Portrait of Leo X
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Arty Fact

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Trying to be the life of the party and the head of a religion lead to a controversial tenure for Pope Leo X.

His love of excess and easy-going nature didn’t win him many friends, it just racked up an immense debt for the next Pope to deal with. Turns out that Catholics wanted words of wisdom from the head of their religion instead of being told to simply eat, drink, and be merry.

Depending on who you ask, Pope Leo X’s remarks upon taking office were either telling of his positive character or completely hedonistic. Simply put, God gave him the office of Pope so he intended to enjoy it. It’s unsurprising that a statement such as this would immediately divide the public opinion’s of him. Maybe some were initially fond of having an easy-going Pope but others felt a non-serious man didn’t merit such a coveted office.

Significant amount of debt aside, his legacy is still rather mixed. He is credited with dividing the Christian religion, but he was a great patron of the arts. He was a fan of Raphael, who he commissioned this portrait from. (Not so much Michelangelo; he was choosy with his ninja turtle namesakes.)

At the time this composition was completed it was viewed as unusual due to Pope Leo X’s inclusion of two cardinals in the frame. Portraits at the time, especially for someone in a high seat of power like the papacy, typically didn’t include extras.

One of the cardinals went on to become Pope Clement VII and left behind an arguably more infamous legacy. They had some similarities as both of their tenures were marred by controversial decision making, inadvertently causing the Protestant religion to grow, and they were both fans of Raphael.

In Pope Clement VII’s defense though, he had the misfortune of dealing with a certain unpleasant king known for separating from his wives or separating them from their heads. When said king asked for an annulment after a decade of marriage, Pope Clement VII wasn’t really having any of his crap. King Henry VIII then famously went on to make a new church and change religions to get a divorce.

Pope Leo X on the other hand, had Martin Luther as a contemporary and he greatly underestimated him. He was more focused on hosting lavish banquets and commissioning art than trying to combat a man spearheading a new sect of Christianity. For this reason Pope Leo X’s laissez-faire reign is credited with causing the Protestant Reformation.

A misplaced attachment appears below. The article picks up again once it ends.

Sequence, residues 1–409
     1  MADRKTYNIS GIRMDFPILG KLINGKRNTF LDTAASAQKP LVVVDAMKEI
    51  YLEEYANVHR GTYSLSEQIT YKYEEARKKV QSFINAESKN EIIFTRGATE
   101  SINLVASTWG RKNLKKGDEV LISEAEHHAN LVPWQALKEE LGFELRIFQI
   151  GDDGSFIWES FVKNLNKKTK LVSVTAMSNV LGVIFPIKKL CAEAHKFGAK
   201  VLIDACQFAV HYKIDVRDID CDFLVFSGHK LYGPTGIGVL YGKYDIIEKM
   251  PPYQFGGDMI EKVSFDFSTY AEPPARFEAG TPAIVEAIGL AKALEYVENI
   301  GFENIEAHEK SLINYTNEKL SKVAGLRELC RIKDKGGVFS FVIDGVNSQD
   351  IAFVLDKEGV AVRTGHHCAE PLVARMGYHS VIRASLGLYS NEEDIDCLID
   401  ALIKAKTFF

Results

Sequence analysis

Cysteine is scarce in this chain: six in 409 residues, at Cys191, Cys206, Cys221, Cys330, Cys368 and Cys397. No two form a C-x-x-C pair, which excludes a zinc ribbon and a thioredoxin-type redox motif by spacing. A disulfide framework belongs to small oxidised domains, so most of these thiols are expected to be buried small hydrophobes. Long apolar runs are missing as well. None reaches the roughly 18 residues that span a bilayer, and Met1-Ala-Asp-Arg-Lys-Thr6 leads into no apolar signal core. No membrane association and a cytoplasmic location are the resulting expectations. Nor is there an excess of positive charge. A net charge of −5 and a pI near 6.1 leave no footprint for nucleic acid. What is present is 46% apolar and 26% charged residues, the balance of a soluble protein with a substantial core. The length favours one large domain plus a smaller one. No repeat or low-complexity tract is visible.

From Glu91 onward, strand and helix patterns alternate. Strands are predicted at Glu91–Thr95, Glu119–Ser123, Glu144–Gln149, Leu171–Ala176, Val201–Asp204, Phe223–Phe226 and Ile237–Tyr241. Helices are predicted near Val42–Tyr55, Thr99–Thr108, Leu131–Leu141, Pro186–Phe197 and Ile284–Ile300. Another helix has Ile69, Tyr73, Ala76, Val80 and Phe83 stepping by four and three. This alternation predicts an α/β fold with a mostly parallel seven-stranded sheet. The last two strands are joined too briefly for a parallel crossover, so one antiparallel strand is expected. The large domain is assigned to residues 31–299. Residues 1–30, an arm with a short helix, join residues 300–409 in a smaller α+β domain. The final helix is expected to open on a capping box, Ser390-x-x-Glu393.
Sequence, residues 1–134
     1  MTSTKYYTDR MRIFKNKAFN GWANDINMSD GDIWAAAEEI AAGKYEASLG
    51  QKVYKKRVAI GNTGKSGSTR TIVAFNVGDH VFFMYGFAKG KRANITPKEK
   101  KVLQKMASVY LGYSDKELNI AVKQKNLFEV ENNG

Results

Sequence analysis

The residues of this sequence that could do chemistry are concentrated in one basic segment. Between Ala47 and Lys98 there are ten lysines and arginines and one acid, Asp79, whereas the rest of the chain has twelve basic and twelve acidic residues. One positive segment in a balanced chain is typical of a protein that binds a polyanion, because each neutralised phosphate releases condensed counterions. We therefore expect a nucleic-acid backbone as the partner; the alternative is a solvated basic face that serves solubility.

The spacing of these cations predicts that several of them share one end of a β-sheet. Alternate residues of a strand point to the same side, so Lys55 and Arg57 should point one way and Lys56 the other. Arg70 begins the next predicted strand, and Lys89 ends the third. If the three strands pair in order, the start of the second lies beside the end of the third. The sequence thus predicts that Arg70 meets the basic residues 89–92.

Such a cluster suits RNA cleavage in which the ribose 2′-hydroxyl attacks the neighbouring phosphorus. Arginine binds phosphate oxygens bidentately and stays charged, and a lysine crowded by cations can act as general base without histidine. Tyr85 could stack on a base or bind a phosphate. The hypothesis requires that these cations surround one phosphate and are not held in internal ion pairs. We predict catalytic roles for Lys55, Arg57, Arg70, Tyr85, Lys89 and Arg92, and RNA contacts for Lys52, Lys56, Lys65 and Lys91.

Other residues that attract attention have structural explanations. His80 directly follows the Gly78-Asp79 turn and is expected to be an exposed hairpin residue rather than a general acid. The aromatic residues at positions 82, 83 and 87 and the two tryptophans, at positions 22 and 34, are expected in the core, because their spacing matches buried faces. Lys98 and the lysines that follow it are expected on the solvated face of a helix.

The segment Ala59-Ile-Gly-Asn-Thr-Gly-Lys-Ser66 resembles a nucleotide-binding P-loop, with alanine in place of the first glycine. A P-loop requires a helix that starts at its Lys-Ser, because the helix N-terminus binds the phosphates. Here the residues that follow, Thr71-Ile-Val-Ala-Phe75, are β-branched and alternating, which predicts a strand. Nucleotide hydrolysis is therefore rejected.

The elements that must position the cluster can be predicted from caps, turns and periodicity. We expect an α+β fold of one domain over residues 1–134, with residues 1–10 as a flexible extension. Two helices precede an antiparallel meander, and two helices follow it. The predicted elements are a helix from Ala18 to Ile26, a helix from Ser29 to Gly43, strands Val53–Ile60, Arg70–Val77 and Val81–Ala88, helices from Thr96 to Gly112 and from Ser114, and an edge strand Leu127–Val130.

This portrait, praised for its realism, is an accurate depiction of Pope Leo X as it shows his love of excess through his fine, expensive clothing and his full figure. But, this is only a portrayal of who he appeared to be at first glance, at least according to those that encountered him during his tenure. He was characterized as being unpleasant to look at, prone to excessive sweating and repeatedly wiping off his forehead with his hand while addressing crowds and then shaking their hands.

All of that supposedly faded away when he began to speak. He was said to have such a charismatic and powerful presence through his words that those around him would forget about their initial impression of disgust from his sweaty handshake. Unfortunately, unless this painting chooses to literally speak to us, there is no way for modern audiences to see this side of Pope Leo X.



  1. Doak, Robin S. Pope Leo X: Opponent of the Reformation. Minneapolis, MN: Compass Point Books, 2006.
  2. Löffler, Klemens. "Pope Leo X." The Catholic Encyclopedia. Accessed March 25, 2019.
  3. Thurston, Herbert. "Pope Clement VII." The Catholic Encyclopedia. Accessed March 25, 2019.
  4. Zappella, Christine. "Raphael, Pope Leo X." Khan Academy. Accessed March 25, 2019. rome/high-renaissance1/a/raphael-pope-leo-x.

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Here is what Wikipedia says about Portrait of Leo X (Raphael)

The Portrait of Pope Leo X with two Cardinals is a painting by the Italian High Renaissance master Raphael, c. 1517. It is housed in the Uffizi Gallery of Florence.

In contrast to works depicting classical, idealised Madonnas and figures from antiquity, this portrait shows the sitter in a realistic manner. The Pope is depicted with the weight of late middle age, while his sight appears to be strained. The painting sets up a series of visual contradictions between appearance and reality, intended by Raphael to reflect the unrest of a period of turmoil for the papacy. Martin Luther had recently challenged papal authority, listing among other grievances, Leo X's method of selling indulgences to fund work on St Peter's.

The pommel on top of the Pope's chair evokes the symbolic abacus balls of the Medici family, while the illuminated Bible open on the table has been identified as the Hamilton Bible.

The cardinal to the left of the painting is surely identified as Giulio di Giuliano de' Medici (the future Pope Clement VII) while the other cardinal is usually identified as Luigi de' Rossi, who was a maternal cousin to both the other two portrayed.

Check out the full Wikipedia article about Portrait of Leo X (Raphael).